by Colin McIntosh
Thirty years ago this phrase would have been meaningless to most British people. Not that 1980s trendy lefties were shy about expressing their opposition to Margaret Thatcher’s attempts to shrink state spending. It’s just that they would have said they were protesting against the cuts, rather than protesting the cuts. The transitive use of protest was reserved for phrases like protest your innocence. Now phrases like this are all over the media, imported from the US thanks to the recent exposure given to movements like Occupy Wall Street protesting (against) corporate greed and shady banking practices. The usage has recently spread to the UK, and has been taken up particularly by commentators in the media, no doubt helped by the fact that it makes sense to have a single, global (and shorter) hashtag on social media.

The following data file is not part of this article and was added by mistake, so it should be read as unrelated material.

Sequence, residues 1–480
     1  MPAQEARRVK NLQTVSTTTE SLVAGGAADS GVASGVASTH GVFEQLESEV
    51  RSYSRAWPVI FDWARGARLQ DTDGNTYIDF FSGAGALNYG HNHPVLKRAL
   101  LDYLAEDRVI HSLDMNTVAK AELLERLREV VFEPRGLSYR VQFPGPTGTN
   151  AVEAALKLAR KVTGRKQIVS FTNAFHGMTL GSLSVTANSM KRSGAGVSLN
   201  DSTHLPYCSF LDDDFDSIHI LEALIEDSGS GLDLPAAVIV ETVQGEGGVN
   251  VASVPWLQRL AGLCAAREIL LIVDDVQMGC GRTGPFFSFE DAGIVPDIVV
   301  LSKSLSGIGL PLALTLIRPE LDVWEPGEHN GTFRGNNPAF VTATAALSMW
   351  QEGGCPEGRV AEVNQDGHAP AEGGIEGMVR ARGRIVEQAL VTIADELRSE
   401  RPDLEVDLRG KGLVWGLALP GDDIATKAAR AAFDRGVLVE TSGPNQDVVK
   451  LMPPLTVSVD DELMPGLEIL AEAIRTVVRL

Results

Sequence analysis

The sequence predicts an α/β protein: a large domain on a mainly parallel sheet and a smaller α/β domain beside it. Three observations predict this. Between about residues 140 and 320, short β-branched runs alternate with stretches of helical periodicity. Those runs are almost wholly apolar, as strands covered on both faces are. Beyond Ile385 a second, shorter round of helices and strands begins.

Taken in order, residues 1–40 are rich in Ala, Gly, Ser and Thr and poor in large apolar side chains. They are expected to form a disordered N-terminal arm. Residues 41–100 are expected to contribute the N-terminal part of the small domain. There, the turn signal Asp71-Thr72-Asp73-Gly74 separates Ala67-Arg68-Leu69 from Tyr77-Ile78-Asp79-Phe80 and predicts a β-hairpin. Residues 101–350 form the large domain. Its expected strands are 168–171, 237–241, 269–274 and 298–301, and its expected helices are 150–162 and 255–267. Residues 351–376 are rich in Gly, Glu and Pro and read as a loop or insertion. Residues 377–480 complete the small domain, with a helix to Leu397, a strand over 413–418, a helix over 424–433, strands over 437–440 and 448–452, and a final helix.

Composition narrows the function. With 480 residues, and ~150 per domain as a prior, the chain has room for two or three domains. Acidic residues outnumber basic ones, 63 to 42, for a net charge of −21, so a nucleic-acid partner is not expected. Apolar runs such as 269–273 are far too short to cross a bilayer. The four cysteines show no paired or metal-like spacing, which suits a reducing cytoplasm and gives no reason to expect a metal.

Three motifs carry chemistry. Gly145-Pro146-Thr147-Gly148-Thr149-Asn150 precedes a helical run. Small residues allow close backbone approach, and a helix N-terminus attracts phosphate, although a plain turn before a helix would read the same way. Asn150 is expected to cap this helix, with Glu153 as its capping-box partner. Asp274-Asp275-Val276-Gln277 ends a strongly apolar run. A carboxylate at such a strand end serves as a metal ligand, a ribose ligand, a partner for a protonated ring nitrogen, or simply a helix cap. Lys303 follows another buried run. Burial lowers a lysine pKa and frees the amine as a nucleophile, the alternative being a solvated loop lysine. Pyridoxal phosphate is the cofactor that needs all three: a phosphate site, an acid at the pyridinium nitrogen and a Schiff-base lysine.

This fluidity in grammar patterns associated with verbs is not new. British English traditionally used the infinitive with to after help. The Royal British Legion says comfortingly but somewhat staidly:
We can help you to manage your debts… and deal with unexpected expenses
whereas the more dynamic-sounding sellmyhouse-fast-london.co.uk says:
We can help you sell your house fast! Read the rest of this entry ?